Corexit poisoned the Gulf–BP guilty!
A new University of Miami study confirms that Corexit, the chemical dispersant banned in the UK and several other countries was ineffective in containing the spill after 770,000 gallons were injected in the wellhead, poisoning the wildlife and people of the Gulf.
What the people of the Gulf and others know is that dispersants were intended to conceal the extent of the damage of the spill highlighting BP’S disregard for human life and the environment.
“My purpose was to ground truth what was really happening in the Gulf. So to visually show that the disaster was as huge as it was; and, especially given then BP and the federal government were downplaying the impacts and the size of the spill,” countered Henderson.
“Let me do say that because I was out in the field fighting it, I was exposed to the oil and the Corexit, and I developed some of the acute symptoms you hear about that people experience, like itchy skin and rashes, and nausea, I was nauseous, and burning eyes and the like. So, this is personal for me, and as somebody that grew up, you know– I grew up in New Orleans, but I spent a lot of time out in the wetlands as a child.”
Estimates of up to 20,000 clean up workers were excluded from BP’s class action settlement in 2012. The only option for recourse is to return to court–but filing costs alone are in the millions of dollars.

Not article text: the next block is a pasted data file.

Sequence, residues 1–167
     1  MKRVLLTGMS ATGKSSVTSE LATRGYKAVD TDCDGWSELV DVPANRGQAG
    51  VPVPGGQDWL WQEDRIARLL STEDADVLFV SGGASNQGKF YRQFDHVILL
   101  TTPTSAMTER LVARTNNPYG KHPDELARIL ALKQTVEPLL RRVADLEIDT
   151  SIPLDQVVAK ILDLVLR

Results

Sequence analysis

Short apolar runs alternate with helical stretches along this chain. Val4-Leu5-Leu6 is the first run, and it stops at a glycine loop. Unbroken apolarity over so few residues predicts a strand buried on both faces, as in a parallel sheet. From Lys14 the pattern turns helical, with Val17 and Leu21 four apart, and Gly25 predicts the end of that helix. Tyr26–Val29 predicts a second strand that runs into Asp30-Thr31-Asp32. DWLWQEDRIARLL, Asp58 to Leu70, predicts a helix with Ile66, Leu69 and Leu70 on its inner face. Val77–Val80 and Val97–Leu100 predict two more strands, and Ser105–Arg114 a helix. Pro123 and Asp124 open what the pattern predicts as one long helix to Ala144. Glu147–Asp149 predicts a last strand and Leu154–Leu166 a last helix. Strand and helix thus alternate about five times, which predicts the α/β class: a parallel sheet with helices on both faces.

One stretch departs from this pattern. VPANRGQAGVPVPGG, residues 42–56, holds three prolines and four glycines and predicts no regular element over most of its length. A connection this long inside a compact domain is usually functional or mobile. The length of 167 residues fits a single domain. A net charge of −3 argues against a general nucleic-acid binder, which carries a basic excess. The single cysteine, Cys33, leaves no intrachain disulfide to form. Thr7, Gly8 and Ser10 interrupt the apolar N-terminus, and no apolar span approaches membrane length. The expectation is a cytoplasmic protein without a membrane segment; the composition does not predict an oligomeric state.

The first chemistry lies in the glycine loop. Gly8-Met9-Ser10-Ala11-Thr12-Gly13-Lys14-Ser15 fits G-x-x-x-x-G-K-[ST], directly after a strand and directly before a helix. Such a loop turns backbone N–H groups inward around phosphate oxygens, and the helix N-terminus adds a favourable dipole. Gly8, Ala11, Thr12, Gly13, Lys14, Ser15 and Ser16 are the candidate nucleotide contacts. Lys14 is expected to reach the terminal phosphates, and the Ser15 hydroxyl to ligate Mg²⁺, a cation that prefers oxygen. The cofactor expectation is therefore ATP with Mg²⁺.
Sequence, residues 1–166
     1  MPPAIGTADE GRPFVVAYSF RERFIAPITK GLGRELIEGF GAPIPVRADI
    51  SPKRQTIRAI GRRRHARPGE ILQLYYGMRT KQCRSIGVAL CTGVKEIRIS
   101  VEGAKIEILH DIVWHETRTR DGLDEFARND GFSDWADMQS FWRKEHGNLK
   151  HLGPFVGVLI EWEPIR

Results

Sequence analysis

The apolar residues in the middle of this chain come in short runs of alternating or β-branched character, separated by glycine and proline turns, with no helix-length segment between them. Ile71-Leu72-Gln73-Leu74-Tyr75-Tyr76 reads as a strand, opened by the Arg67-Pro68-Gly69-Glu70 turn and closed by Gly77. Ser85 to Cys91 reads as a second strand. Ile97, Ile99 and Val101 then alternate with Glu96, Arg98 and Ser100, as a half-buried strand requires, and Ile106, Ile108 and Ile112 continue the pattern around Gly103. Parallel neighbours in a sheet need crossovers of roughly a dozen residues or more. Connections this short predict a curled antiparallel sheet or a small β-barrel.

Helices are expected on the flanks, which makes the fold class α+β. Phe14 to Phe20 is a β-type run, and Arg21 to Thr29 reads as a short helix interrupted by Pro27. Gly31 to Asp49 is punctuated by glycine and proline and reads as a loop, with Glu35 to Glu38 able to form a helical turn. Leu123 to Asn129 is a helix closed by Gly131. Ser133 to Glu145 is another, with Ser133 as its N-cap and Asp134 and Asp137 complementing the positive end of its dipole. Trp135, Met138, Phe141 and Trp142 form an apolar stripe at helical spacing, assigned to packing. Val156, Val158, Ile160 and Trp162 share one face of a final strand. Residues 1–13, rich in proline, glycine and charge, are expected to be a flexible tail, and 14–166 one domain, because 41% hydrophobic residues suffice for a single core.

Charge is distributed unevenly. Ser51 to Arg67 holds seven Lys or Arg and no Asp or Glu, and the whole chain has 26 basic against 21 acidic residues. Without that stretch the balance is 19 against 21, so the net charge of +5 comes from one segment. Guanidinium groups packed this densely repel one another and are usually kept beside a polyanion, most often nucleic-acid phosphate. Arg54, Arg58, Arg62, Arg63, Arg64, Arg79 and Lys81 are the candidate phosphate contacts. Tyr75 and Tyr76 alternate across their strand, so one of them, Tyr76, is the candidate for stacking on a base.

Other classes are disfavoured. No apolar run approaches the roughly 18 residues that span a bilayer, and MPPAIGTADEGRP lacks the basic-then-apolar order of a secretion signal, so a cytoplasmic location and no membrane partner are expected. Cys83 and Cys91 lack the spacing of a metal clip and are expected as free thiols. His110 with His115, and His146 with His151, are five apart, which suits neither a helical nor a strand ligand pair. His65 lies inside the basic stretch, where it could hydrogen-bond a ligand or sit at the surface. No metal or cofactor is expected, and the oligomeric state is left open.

Many of these workers were First Responders to the crisis of the catastrophe. One fisher who was in the area during the explosion responded to a call from BP for help only to be exposed to contaminants and have his boat destroyed afterwards–never to be compensated. The stories of many of these people can be found on Henderson’s website bphealthjustice.com
To illustrate further the theft from these 20,000 workers, if the 2012 lawsuit went in their favor, BP would have paid out roughly $1.2 billion in claims for this group alone. Still it would only account for a fraction of the need for the region based on the contamination of the spill.
Winning justice for BP’S victims
BP’s Deepwater Horizon oil rig exploded on April 20, 2010, killing 11 workers, injuring 17, contaminating the Gulf with 210 million gallons of crude oil. For 87 days oil and dispersants were poured into the Gulf making it the largest oil spill in U.S. history.
“It might have to come from Congress, and it might not be possible because there’s a medical settlement that was agreed upon by the plaintiff’s steering committee and BP, and the judge signed off on it. So, that’s the mechanism to seek remedy right now for victims– the medical claims process. I don’t know if we could do anything for this disaster, but maybe we could do something for the next one.”
But in the meantime regarding the struggle to address the health needs of the clean-up workers and coastal people, Henderson makes one conclusion: ‘BP- they have to pay for it.’